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6 min read

Working with a GDPR-compliant content moderation vendor

By Spectrum Labs

Recently violations of GDPR have resulted in record fines for online platforms that have been ruled not to have adequately protected their user's privacy online. For any business – not just social media platforms – with a global online presence and significant user-generated content, GDPR compliance is a critical business risk that must be addressed to reduce potential liability and regulatory action.

Spectrum Labs' solutions are fully GDPR (and CCPA) compliant, allowing our clients to moderate user-generated content efficiently worldwide at scale across multiple languages without the legal risk of Personally Identifying Information (PII) data. 

But what exactly is the GDPR? Why was it created, who does it impact, and how do you make sure your business complies with it? Read on for a complete primer on the subject, as well as recommendations for ways to protect your business.

Compliance with GDPR is a top priority for Spectrum Labs. We've put considerable effort into mitigating risk for trust and safety, information security, privacy, and data compliance teams at the Internet platforms that work with us.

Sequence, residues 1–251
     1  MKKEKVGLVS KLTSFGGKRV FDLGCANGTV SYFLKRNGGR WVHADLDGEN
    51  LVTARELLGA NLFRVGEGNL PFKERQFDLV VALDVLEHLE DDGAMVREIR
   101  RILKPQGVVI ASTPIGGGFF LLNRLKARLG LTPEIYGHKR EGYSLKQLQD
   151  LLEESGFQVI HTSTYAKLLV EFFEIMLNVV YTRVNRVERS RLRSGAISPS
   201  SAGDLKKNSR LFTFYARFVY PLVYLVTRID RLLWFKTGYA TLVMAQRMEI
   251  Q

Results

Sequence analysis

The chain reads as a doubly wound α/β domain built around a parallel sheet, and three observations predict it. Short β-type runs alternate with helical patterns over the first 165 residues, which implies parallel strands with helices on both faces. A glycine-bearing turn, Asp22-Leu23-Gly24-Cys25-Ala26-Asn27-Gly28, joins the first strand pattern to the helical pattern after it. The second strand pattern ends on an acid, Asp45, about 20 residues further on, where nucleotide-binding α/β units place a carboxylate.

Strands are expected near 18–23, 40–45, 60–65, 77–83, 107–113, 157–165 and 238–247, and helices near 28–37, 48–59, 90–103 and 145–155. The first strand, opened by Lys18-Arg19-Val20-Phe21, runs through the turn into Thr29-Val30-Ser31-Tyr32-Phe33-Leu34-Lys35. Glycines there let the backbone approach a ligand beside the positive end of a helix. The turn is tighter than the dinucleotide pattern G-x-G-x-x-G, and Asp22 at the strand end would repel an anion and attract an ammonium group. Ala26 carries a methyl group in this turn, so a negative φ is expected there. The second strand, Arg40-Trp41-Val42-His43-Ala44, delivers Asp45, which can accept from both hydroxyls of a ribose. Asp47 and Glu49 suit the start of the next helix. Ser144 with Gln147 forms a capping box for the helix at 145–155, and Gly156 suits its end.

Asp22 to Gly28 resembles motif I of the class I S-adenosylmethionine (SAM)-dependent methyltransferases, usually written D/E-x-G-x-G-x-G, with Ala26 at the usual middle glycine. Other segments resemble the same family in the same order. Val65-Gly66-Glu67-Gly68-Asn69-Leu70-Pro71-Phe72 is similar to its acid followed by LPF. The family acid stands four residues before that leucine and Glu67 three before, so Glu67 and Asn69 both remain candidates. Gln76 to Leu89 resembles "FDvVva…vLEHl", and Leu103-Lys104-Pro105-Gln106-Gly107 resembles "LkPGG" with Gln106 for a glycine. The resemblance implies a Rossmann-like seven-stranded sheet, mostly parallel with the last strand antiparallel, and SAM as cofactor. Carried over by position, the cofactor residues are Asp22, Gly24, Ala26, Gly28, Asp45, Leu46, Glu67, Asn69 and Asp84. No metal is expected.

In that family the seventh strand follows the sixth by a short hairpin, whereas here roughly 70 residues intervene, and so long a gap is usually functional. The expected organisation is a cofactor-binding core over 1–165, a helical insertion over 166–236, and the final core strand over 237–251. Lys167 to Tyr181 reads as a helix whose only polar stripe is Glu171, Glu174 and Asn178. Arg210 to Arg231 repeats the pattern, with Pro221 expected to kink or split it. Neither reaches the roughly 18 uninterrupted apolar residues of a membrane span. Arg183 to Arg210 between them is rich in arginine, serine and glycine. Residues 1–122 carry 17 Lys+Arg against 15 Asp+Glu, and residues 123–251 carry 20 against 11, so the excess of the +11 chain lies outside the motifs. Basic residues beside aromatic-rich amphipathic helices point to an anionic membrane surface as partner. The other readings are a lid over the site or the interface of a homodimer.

What is GDPR?

GDPR doesn't bar companies from using consumer data; it is a data privacy regulation that rules how companies collect, process, store, and share regulated data. First and foremost, GDPR requires a legal basis for data collection and usage. Consumer consent is one such legal basis; user safety is another.

GDPR also mandates that any entity that collects, processes, stores, and shares data must respect the consumer's rights in the regulation and that all data is handled according to the seven principles in the law. User privacy and data security are foundational to Spectrum Labs. There are two ways Spectrum Labs collects platform data while keeping compliance; through data minimization or de-identification of the data that is not minimized.

Why do we go through this process when safety is a legal basis? Trust & Safety improves when learnings from one platform are applied to another and vice versa. To share those learnings across platforms, all PII is scrubbed or pseudonymized.

This PII scrubbing or pseudonymization of all data enables us to create safer online communities while respecting user privacy and assuring our clients that our data processes are fully GDPR compliant.

Learn more in Spectrum Labs GDPR compliance statement.


Why was the GDPR enacted?